By Karen A. Soukiasian
When the time comes to adopt a dog you need to decide whether a male or female dog is right for you.
That X or Y chromosome does make a difference in certain behaviors and medical issues; but, that’s not all that determines the temperament or behavior differences between a male or female dog. Their genetics, living environment, breed, and whether they are intact or altered play an enormous part in determining how a dog behaves.
Pink or blue… which is the right puppy or dog for you?
Many practiced dog owners believe female dogs tend to be smaller, calmer, less affectionate, more independent, more prone to mood swings, less biddable (willing to please you), less dominant, less territorial, more focused, not as vocal, tend not to roam as much, mature faster, housebreak easier, and train faster than males. Those may be true in some, but not all cases. Many of those determining factors could have to do with her breed, genetics, and her living environment, as well as if she is intact or spayed.
The negatives they mention include, unaltered females will bleed twice a year, draw unaltered males knocking at the door, be more prone to mammary and uterine cancer, and spaying is more expensive than neutering. Those are all true!
Some firmly believe males are larger, have fewer mood swings, are more affectionate, more biddable, more dependent, bolder, more assertive or aggressive, more playful, less focused, harder to housebreak, harder to train, more territorial, slower to mature, may challenge you when matured, are more vocal, and usually tend to roam away from home more. Some of those factors could have to do with his breed, genetics, his living environment, and if he is intact or neutered.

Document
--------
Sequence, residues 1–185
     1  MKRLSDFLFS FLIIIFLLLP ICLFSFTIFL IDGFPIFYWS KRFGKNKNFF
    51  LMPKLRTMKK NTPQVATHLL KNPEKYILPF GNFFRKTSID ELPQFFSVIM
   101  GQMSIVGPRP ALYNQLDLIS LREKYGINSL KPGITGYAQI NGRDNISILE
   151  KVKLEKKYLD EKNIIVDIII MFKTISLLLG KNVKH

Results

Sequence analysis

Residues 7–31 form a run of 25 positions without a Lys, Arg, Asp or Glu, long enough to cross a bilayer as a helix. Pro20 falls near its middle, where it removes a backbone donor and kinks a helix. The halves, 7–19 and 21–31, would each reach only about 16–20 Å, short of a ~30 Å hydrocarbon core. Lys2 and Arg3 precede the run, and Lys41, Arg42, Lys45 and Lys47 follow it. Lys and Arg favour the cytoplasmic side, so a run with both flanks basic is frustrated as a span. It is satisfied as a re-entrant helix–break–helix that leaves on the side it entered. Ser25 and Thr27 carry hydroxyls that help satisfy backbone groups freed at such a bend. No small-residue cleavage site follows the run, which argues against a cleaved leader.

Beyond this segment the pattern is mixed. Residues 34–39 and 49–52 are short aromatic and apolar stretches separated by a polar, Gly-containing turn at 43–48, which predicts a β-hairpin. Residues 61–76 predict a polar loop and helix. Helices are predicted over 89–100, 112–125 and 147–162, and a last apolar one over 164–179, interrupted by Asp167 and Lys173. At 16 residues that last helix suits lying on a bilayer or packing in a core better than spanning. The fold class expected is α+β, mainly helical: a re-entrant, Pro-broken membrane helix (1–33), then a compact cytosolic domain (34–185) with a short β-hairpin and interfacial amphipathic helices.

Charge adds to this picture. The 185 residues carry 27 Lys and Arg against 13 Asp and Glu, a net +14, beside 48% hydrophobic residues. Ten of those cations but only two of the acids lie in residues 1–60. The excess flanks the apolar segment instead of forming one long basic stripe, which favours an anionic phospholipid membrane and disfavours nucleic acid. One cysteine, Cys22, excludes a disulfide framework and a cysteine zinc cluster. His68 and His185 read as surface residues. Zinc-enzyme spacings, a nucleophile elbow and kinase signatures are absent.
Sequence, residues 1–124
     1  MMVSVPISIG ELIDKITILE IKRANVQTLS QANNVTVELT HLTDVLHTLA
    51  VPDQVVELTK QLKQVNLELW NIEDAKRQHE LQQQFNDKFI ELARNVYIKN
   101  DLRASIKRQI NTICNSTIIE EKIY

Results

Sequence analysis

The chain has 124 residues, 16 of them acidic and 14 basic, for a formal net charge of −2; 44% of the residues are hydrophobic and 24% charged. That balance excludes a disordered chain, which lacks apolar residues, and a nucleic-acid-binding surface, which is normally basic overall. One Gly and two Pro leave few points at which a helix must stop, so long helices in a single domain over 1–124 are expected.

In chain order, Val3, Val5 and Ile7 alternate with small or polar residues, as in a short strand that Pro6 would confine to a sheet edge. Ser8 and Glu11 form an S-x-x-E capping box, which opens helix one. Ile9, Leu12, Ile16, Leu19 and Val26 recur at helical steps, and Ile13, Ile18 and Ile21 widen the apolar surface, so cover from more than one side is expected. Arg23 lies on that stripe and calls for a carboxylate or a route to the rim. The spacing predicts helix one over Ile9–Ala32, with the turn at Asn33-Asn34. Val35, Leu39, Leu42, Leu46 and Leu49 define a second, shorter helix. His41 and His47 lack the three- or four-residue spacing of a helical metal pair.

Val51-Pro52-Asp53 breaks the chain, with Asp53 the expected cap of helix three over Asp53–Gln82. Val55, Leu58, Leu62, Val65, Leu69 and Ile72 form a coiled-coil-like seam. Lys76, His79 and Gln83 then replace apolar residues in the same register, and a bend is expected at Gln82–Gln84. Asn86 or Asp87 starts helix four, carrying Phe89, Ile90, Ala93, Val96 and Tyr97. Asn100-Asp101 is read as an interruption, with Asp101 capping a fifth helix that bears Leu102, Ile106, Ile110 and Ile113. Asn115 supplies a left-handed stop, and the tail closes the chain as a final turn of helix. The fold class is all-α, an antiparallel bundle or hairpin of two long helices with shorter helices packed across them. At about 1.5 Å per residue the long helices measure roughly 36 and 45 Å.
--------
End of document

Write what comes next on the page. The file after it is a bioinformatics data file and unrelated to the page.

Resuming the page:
The negatives they cite include, when left unaltered they may be harder to control, relentlessly mark territory, including furniture, tend to have more altercations or fights, are constantly on the hunt to be fruitful and multiply, more males tend to get hit by cars, and are more likely to suffer from testicular cancer. On the plus side, neutering is less expensive than spaying! These are all true!
It is suggested, if you are adding another dog to your pack; try to get one of the opposite sex. When under the same roof, there tend to be fewer serious opposite sex conflicts, than same-sex conflicts. Plus, you’ll get to see, experience and perhaps appreciate the traits and behaviors of the other sex.
Bottom line: Deciding whether to add a male or female dog is a personal decision. The important thing to remember is, you are assuming all the joys, fun, and responsibilities that go along with that pink or blue decision.
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